December 30, 2005

Netcraft - 450 phishing cases using SSL / HTTPS certs

Lynn points to techworld that points to NetCraft that states it has confirmed 450 HTTPS phishing attacks:

In its first year, the Netcraft Toolbar Community has identified more than 450 confirmed phishing URLs using "https" urls to present a secure connection using the Secure Sockets Layer (SSL). The number of phishing attacks using SSL is significant for several reasons. Anti-phishing education initiatives have often urged Internet users to look for the SSL "golden lock" as an indicator of a site's legitimacy. Although phishers have been using SSL in attacks for more than a year, the trend seems to have drawn relatively little notice from users and the technology press.

Case in point: The use of SSL certificates in phishing scams made headlines in September when a security vendor issued a press release warning of a scam in which a spoofed phishing site used a self-signed certificate, presenting a gold lock icon but also triggering a browser warning that the certificate was not recognized. In this case, the phishers were banking on the likelihood that many users will trust the padlock and ignore the certificate warning. Despite the attention, the attack wasn't particularly new or novel.

The Netcraft Toolbar community has identified many similar phishing attacks in which spoof sites use a certificate that can be expected to trigger a browser warning, in hopes that some victims will view the "Do you want to proceed?" pop-up and simply click "Yes." Numerous scams have used a hosting company's generic shared server SSL certificate with a spoof site housed on a "sound-alike" URL lacking its own certificate.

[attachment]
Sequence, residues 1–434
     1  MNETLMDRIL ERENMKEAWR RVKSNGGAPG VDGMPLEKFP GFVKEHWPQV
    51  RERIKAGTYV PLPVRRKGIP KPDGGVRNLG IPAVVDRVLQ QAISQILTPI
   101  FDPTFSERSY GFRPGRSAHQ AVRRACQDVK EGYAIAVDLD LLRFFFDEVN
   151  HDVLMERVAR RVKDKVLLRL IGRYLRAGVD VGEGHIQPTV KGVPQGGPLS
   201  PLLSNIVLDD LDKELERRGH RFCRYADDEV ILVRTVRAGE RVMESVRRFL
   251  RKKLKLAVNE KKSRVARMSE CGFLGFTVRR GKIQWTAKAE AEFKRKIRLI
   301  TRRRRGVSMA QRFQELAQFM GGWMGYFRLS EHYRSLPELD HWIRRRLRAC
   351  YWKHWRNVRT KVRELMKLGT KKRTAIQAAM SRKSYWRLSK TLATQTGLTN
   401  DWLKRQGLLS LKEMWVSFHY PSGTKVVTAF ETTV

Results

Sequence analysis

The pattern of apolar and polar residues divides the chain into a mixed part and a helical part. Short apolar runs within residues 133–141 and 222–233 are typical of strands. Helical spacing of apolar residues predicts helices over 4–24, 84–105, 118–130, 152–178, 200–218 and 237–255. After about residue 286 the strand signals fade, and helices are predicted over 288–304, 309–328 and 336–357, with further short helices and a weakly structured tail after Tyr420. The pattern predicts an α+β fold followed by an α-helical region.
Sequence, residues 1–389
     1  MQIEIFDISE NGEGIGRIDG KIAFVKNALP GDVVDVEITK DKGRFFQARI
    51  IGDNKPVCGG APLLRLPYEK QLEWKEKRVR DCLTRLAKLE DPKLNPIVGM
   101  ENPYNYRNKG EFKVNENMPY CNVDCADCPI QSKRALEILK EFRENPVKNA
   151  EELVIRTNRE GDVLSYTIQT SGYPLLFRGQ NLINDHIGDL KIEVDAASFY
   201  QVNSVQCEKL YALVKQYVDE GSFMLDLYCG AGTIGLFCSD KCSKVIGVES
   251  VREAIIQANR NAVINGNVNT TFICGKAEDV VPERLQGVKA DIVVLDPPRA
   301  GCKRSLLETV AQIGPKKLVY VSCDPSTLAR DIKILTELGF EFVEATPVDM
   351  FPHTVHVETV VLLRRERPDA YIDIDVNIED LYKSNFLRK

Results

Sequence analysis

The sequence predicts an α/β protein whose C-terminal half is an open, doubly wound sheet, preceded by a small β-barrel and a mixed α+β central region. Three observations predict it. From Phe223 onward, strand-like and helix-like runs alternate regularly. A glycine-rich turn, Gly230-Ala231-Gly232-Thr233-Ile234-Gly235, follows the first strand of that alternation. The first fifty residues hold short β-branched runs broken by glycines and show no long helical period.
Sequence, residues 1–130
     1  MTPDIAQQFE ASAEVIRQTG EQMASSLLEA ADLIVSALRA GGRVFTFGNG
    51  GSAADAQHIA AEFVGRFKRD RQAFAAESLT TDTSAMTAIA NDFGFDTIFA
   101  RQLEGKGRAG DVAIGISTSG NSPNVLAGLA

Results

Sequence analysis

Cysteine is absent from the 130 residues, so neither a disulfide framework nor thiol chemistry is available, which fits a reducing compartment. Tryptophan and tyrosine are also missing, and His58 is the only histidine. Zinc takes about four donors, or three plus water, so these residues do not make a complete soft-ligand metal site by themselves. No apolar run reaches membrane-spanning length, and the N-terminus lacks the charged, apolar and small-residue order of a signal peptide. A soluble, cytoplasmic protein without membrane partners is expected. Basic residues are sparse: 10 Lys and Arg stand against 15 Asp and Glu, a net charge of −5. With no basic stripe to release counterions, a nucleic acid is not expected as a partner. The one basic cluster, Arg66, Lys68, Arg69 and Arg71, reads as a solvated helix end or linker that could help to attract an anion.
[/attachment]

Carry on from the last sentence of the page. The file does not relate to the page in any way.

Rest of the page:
The beauty of the golden lock icon has been that it simplified complex security concepts into a single symbol that non-technical users could understand and trust. Phishing scams designed to prompt security warnings raise the stakes, requiring users to understand what the browser warning is telling them, and how they should respond. Upcoming SSL-related interface changes in Internet Explorer 7 and other browers updates make a good start toward providing users with clearer information. But as we noted earlier this year, many banks are shifting their online banking logins to the unencrypted home pages of their websites, further muddling the issue of training customers to trust only SSL-enabled sites. The non-SSL presentation of these bank logins is already being incorporated into spoof pages.

Interesting point - this came from their Toolbar community - a design I've frequently criticised! I'm still in search of the Perfect Phish by the end of the year, so as to meet my quota in predictions.

Also see The Year in Phishing

Posted by iang at December 30, 2005 02:18 PM | TrackBack
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